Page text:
Mold, however, is not part of the ecology when you’re making something like jam or jelly, and there’s really no reason it should make an appearance. “In sweet preserves, what you’re really doing is trying to stabilize fruit with sugar,” West explains. He likens the process to salting and drying meat, pulling out moisture and regulating what’s called the “water activity” to create an environment that’s inhospitable to mold and other forms of spoilage. With meat, preservation is achieved through some mixture of salting, aging, and smoking. In jam-making, the process is obviously quite different. “Sugar is to fruit what salt is to ham,” he tells me. “If you take a peach and you set it on the counter, it’s going to rot very quickly… However, if you take the peach and cut it up, combine it with sugar, and then cook it, you’re boiling off water; you’re dehydrating it. You’re lowering the water activity. So you wind up with something that is more or less shelf stable. The more water you remove, the more shelf stable it is.”

But West has noticed that increasingly, people want fruit-forward jams that aren’t overpowered by mountains of added sugar. That can present some issues. “The contemporary taste for jam is to have less sugar,” he says. “A lot of lower-sugar jams are more ephemeral than more traditional jams, which have a higher sugar content.” That means that, in contrast with the virtually indestructible Smucker’s of the world, low-sugar jams are prone to go bad — if they aren’t properly jarred and stored.

Neither West nor Drain are as squeamish about mold in their own kitchens as I am. West has been known to slice a moldy nibben off the country ham that hangs in his kitchen. Drain will often skim a bit of mold off the top of a jam jar, and after we got off the phone, he texted me a picture of a jet-black piece of bread he’d eaten. It took me a minute to realize the thin fuzz wasn’t olive tapenade. It was mold.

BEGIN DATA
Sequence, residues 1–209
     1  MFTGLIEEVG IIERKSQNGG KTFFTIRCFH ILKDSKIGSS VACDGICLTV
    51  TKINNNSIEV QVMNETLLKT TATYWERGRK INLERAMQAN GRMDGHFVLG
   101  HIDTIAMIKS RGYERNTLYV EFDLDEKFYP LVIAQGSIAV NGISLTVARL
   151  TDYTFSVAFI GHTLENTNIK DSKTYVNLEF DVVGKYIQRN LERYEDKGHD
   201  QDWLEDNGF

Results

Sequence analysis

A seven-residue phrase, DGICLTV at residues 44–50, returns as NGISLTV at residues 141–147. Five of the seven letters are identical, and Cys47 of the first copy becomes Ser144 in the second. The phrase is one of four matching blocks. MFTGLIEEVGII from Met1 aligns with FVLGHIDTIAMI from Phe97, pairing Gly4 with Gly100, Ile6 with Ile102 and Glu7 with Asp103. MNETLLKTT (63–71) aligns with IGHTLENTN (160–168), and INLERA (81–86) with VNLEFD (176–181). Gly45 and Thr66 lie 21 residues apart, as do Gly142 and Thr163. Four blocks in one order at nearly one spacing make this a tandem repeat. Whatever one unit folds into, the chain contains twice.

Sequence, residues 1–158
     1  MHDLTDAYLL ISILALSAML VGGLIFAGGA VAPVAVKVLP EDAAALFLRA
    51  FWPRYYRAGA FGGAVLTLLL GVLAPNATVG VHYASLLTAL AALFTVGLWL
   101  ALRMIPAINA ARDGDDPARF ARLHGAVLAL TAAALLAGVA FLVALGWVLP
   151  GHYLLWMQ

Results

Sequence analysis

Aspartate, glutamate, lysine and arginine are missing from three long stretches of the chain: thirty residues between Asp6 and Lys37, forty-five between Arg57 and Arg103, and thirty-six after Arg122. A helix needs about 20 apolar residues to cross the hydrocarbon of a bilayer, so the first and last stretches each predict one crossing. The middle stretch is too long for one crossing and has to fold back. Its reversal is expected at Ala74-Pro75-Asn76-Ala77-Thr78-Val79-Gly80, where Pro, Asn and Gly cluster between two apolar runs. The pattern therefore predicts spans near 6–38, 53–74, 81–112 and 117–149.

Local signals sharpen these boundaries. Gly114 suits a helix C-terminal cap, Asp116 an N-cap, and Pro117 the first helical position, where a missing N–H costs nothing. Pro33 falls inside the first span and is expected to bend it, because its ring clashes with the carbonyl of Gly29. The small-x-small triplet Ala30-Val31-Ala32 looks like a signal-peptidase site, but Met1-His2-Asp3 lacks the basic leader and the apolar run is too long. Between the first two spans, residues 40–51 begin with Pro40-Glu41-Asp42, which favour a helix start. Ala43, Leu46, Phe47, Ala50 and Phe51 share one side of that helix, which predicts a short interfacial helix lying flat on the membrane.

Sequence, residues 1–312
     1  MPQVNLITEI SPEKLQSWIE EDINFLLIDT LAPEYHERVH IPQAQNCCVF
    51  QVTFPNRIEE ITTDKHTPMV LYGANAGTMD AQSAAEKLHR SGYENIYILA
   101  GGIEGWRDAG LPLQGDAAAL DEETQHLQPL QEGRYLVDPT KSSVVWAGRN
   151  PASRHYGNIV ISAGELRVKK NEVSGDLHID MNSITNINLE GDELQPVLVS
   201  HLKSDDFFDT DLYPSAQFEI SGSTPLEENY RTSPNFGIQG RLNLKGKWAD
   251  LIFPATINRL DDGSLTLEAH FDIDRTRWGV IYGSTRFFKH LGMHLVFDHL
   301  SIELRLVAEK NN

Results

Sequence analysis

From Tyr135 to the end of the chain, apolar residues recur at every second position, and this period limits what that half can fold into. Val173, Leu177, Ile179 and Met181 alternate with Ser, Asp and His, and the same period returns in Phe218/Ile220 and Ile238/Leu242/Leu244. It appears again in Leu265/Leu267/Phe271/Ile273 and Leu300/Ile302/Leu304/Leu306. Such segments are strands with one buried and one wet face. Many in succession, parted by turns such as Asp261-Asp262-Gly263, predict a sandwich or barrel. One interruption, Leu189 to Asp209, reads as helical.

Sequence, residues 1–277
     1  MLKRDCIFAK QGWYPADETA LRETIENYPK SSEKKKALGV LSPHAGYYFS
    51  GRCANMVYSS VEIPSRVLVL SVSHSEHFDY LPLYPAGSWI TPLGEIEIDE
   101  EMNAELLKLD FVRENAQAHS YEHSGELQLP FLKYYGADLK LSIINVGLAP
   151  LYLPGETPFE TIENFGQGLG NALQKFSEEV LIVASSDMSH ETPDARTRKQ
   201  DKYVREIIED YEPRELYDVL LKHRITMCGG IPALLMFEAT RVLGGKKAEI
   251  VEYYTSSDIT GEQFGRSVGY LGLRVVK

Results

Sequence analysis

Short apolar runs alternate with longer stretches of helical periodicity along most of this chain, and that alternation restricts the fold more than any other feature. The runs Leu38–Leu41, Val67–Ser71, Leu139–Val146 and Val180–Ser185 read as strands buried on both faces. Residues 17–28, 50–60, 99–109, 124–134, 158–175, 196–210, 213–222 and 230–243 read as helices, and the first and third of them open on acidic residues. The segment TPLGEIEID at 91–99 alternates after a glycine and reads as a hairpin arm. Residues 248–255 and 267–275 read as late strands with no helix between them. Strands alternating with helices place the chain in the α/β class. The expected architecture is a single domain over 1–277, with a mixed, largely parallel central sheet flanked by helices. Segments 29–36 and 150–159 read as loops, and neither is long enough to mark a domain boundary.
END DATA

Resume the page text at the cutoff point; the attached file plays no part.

Sometimes, though, it’s better to be safe than sorry, and there are certain foods Drain suggests throwing out when they develop mold, including rice and fresh meat. “Some of the well-known pathogenic molds and bacterias are more likely to grow on those high protein environments, or, rice starch, where the molds break down into sugar,” he says.

When it comes to deciding whether or not you should toss out that slightly moldy treat, it’s often a matter of intuition and common sense. It’s one thing to skim a bit of mold from a tub of yogurt (even knowing that its root structure is invisible below the surface). It’s another to open an ancient jar and encounter a cloud of mold spores billowing out. “If you get a piece of bread with a little teensy speck of mold on it, would you cut it off and go ahead and make your toast for breakfast?” West asks. “For myself at home, I would cut off that little speck and make my toast. I’m not at all alarmed by finding specks of mold,” he says. On the other hand, “Anything that is covered with mold, anything that’s smelly, anything that is slimy, anything that is putrid… Anything that evokes an aesthetic repugnance, obviously I’m not going to eat.”

Scraping a bit of mold off of a leftover sandwich, or cutting the corner off of a sad strawberry might not be for everybody, but it generally comes at a low risk. Use your best judgement, and if your lunch is freaking you out, don’t eat it. West emphasizes, however, that this isn’t the same judgement call he’d make if he was cooking dinner for friends (when that was still a thing we did) or if he was serving food at a restaurant.

“If I’m doing anything that involves feeding other people, I’m really quite rigorous when it comes to food safety,” he says. “I think there’s a really important distinction between home use and home practice, and public health and public safety.”